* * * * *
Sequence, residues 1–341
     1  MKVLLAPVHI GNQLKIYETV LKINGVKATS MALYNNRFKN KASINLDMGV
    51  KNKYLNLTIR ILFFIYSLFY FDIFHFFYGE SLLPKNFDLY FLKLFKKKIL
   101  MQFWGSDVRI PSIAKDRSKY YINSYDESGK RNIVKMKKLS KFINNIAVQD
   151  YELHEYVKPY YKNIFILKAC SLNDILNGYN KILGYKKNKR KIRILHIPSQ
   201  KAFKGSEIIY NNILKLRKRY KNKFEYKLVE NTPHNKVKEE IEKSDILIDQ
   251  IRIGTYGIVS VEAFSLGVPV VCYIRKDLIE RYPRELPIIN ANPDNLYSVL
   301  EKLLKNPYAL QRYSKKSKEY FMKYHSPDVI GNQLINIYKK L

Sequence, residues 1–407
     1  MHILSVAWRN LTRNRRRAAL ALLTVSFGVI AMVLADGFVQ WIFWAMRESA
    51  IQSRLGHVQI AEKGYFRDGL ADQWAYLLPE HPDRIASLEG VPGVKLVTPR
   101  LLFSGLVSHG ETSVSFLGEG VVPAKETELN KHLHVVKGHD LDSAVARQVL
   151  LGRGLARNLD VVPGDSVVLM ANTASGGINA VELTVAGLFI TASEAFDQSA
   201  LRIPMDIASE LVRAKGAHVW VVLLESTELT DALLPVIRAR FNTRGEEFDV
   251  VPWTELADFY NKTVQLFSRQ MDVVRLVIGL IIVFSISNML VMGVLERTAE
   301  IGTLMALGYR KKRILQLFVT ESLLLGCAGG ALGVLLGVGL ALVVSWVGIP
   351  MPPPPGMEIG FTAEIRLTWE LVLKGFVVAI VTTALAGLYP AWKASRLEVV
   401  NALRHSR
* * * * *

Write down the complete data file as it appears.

Sequence, residues 1–341
     1  MKVLLAPVHI GNQLKIYETV LKINGVKATS MALYNNRFKN KASINLDMGV
    51  KNKYLNLTIR ILFFIYSLFY FDIFHFFYGE SLLPKNFDLY FLKLFKKKIL
   101  MQFWGSDVRI PSIAKDRSKY YINSYDESGK RNIVKMKKLS KFINNIAVQD
   151  YELHEYVKPY YKNIFILKAC SLNDILNGYN KILGYKKNKR KIRILHIPSQ
   201  KAFKGSEIIY NNILKLRKRY KNKFEYKLVE NTPHNKVKEE IEKSDILIDQ
   251  IRIGTYGIVS VEAFSLGVPV VCYIRKDLIE RYPRELPIIN ANPDNLYSVL
   301  EKLLKNPYAL QRYSKKSKEY FMKYHSPDVI GNQLINIYKK L

Sequence, residues 1–407
     1  MHILSVAWRN LTRNRRRAAL ALLTVSFGVI AMVLADGFVQ WIFWAMRESA
    51  IQSRLGHVQI AEKGYFRDGL ADQWAYLLPE HPDRIASLEG VPGVKLVTPR
   101  LLFSGLVSHG ETSVSFLGEG VVPAKETELN KHLHVVKGHD LDSAVARQVL
   151  LGRGLARNLD VVPGDSVVLM ANTASGGINA VELTVAGLFI TASEAFDQSA
   201  LRIPMDIASE LVRAKGAHVW VVLLESTELT DALLPVIRAR FNTRGEEFDV
   251  VPWTELADFY NKTVQLFSRQ MDVVRLVIGL IIVFSISNML VMGVLERTAE
   301  IGTLMALGYR KKRILQLFVT ESLLLGCAGG ALGVLLGVGL ALVVSWVGIP
   351  MPPPPGMEIG FTAEIRLTWE LVLKGFVVAI VTTALAGLYP AWKASRLEVV
   401  NALRHSR